Cholera wrecks havoc in Chikwawa: 36 cases registered
Health authorities in Chikwawa have said they will embark on a cholera vaccination exercise from next week as a response to the ever increasing cholera cases being registered in the district.
The district has in the past six weeks registered a cholera outbreak which has caused panic and refuses to die with the recent occurrence reported at Chikwawa Secondary School where three have tested positive.
The new cases have brought the number of all people affected by the disease in the district to 36.
Chikwawa District Environmental Health Officer, Veronica Mkukumila attributed the increase in cholera cases to poor hygiene, noting that the three patients who were admitted to Chikwawa District Hospital have since been discharged.
“Apart from Chikwawa Secondary School, the other surrounding villages affected by cholera are Ling’awa in the area of Chief Kasisi, Julius, Lauji, and Chinangwa in the area of Chief Katunga and part of Mulilima,” Mkukumila said in an interview on Thursday.
Mkukumila, therefore, appealed to non – governmental organizations and well wishers to provide more safe drinking water and new toilets at Chikwawa Secondary School to protect the learners from further suffering from waterborne diseases.
“We also went to the school to carry out an awareness meeting on good hygiene practices. From next week, we are intending to conduct a cholera vaccination campaign targeting over 200,000 people in the district,” Mkukumila added.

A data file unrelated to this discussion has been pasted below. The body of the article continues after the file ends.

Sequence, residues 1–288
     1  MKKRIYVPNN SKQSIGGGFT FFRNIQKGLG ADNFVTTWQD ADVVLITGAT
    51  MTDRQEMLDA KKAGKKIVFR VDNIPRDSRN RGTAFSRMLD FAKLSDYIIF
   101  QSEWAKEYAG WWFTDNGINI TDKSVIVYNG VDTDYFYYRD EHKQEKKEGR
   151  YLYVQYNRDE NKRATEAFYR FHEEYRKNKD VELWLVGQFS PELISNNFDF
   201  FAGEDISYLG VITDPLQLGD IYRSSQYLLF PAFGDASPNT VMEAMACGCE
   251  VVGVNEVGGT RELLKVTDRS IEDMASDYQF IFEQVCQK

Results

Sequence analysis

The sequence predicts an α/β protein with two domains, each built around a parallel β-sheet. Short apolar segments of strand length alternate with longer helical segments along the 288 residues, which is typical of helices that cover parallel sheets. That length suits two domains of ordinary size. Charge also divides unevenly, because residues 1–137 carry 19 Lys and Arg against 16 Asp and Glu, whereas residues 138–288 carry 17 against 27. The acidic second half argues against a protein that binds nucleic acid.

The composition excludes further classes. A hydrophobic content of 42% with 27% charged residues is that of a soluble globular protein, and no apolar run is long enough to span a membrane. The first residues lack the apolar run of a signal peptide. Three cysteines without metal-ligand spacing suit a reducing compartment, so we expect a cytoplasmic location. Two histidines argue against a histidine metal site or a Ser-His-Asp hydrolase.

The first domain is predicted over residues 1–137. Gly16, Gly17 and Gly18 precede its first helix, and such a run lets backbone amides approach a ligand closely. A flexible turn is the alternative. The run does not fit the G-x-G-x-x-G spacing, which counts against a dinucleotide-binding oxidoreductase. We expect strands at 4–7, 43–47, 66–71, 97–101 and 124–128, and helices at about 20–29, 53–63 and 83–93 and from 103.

Chikwawa Secondary School Head teacher, Flora Kaphamtengo alleged that the disease was brought to the school by a form one student believed to have had the cholera strains at home before reporting for classes at the school.
Kaphamtengo, however, disclosed that due to the incident the school management have since scaled up good hygiene activities to ensure no student suffers from cholera again.
“We have taken this as a wake – up call. We have tightened the noose so that no single student contracts cholera again considering that the disease is lethal. We don’t want to lose any of our dear learners,” Kaphamtengo said.
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